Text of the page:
Would you like to see your local shopping mall converted into:

  • Don't change it - I love malls and I think they're here to stay. (38%, 15 Votes)
  • Offices; (23%, 9 Votes)
  • Condominiums; (21%, 8 Votes)
  • A hospital; or (18%, 7 Votes)

Total Voters: 39

Still not sure what to do with vacant retail space? Turn it into something else!

Shopping centers have been one of the hardest hit properties in the commercial real estate sector, as the Great Recession triggered less consumer spending even as online retailers continued to gobble up market share. This has resulted in increased vacancies and even entirely vacant shopping centers, blighting communities and weighing down investment portfolios.

Nationwide, the retail vacancy rate was 9.7% at the end of the fourth quarter of 2011, according to Marcus & Millichap.

The retail vacancy rate varies across the Golden State, with the 4th quarter of 2011 showing:

  • Los Angeles at 6.3%;
  • San Diego at 4.7%;
  • Orange County at 6.8%; and
  • Riverside at 11.4%, according to Marcus & Millichap.

Of the ten U.S. markets expected to have the lowest retail vacancy rate in 2012, five of those markets are in California. However, real estate is local, and regions struggling economically (such as Riverside County) will still experience high retail vacancies.

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Just think positive and be happy?

Some gaze at shadowy, empty shopping malls, echoing with the ghosts of mall-walkers and the stale smells of the food court, and see an opportunity. These entrepreneurs tweak retail spaces to open offices, hospitals, schools and even condominiums.

first tuesday take: Creativity is the personal ability of a broker or agent to move beyond traditional bounds of standard activities and envision something transformed, the antithesis of conservative, customary thinking.  While leasing agents are better known for swift closings than innovative artistry, we know you have it in you.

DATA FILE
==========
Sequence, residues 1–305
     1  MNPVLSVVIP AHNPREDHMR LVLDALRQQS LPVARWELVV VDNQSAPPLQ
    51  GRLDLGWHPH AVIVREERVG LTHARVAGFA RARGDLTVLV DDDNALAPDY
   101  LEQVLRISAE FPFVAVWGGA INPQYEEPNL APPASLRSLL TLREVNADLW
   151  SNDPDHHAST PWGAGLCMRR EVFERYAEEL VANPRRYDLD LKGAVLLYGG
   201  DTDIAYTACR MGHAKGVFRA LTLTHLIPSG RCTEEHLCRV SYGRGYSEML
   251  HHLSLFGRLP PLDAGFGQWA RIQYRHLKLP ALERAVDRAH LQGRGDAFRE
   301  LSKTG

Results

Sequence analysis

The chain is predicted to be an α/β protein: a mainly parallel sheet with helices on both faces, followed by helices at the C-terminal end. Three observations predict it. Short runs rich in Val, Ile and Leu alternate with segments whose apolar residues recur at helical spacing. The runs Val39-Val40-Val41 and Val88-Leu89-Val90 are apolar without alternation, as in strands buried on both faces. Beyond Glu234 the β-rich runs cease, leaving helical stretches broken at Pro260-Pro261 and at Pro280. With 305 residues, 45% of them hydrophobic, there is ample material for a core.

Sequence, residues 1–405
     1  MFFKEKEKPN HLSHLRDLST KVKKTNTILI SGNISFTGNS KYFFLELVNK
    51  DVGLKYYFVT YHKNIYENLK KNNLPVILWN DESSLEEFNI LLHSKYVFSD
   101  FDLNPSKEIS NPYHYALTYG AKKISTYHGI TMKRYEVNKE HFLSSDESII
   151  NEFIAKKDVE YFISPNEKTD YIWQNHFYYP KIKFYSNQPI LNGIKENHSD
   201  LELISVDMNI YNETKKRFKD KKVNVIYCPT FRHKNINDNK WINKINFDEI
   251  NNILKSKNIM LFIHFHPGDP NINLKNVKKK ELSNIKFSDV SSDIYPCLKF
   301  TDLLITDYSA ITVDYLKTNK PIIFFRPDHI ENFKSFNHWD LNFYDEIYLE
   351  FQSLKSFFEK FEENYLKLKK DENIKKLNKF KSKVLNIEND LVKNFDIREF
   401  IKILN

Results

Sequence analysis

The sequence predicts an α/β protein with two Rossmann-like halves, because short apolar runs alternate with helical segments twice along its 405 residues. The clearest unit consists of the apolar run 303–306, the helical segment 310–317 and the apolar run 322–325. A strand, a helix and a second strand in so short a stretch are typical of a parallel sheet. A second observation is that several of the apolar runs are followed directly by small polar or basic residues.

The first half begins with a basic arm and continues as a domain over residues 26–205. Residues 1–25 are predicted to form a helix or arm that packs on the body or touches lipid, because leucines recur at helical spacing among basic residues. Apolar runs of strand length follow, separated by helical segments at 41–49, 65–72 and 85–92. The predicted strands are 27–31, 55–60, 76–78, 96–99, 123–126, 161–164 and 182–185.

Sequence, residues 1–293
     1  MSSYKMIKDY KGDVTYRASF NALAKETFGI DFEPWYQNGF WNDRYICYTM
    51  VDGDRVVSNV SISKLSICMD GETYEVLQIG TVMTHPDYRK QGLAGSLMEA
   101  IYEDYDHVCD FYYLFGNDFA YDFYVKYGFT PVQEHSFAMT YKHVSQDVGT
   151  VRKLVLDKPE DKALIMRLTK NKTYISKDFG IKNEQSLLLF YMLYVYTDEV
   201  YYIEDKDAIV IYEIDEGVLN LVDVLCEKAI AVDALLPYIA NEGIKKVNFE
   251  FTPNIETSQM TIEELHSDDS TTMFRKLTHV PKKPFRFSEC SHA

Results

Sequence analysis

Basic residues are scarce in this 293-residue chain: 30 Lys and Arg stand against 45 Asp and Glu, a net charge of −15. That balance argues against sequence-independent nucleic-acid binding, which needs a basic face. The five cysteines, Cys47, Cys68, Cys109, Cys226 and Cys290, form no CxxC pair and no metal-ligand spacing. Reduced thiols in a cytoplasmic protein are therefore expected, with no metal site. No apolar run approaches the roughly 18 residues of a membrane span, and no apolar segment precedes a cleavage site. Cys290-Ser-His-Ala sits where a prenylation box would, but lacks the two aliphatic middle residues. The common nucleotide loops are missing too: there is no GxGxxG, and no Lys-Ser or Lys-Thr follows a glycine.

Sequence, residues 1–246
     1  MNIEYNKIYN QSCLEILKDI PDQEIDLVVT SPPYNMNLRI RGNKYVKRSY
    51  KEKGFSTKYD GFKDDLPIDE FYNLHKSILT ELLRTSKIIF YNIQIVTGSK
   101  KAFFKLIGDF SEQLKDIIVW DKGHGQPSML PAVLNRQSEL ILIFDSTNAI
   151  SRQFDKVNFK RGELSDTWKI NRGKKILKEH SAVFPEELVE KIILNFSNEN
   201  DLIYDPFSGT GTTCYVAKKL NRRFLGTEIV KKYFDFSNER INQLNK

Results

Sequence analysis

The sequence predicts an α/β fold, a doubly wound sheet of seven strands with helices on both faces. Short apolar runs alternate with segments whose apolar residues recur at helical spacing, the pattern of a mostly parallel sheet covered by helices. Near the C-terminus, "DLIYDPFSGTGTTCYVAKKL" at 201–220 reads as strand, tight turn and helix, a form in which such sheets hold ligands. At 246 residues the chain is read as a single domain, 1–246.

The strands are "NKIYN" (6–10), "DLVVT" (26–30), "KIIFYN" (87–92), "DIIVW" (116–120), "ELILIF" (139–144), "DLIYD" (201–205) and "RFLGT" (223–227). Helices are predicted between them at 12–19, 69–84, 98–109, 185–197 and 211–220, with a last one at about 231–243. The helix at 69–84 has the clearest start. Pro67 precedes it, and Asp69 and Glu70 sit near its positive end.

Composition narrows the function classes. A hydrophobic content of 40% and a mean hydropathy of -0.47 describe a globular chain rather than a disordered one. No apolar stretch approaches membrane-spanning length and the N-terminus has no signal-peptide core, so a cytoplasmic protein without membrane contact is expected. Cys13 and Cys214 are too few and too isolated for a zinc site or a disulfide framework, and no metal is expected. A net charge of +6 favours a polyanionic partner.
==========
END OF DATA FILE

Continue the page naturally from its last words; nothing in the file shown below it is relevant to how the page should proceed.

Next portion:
Leasing agents in the commercial market: when enlisted by a property owner to fill a vacancy, consider offering new ideas for the use of the space. If you broaden your marketing to promote use of the space beyond what it was originally built for, you reach more potential tenants or buyers. Consider which producers of goods and services are surviving and taking off in your community and see if you can match up these industries with vacant retail space. Existing tenants may be your best source of a tenant for that vacant space, and strip malls need not always be what they were.

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Further, with the popularity of online shopping, retail is unlikely to rebound to its previous strength. Thus, converting vacant retail space is a good investment in long-term sustainability.

One thing to remember before you are swept away by the creativity bandwagon: when adapting a space, be sure the new space’s function conforms to local zoning laws, or that permits are otherwise available for the use.

The effect local city planners and zoning committees have on real estate is profound, and if outdated or unreasonable zoning laws prevent you from transforming a space, do not hesitate to push for change. Speak with business owners in your area, as they should support efforts for zoning changes to attract more profitable types of businesses. Alternatively, (though less preferable as it does not fix the larger problem of overly strict zoning) you may apply for a variance or conditional use permit from the zoning (or planning) commission if an ordinance change is politically unlikely.

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Re: Rescuing shopping malls: Reclaiming the suburbs: Some of America’s struggling malls are getting a new lease on life from The Economist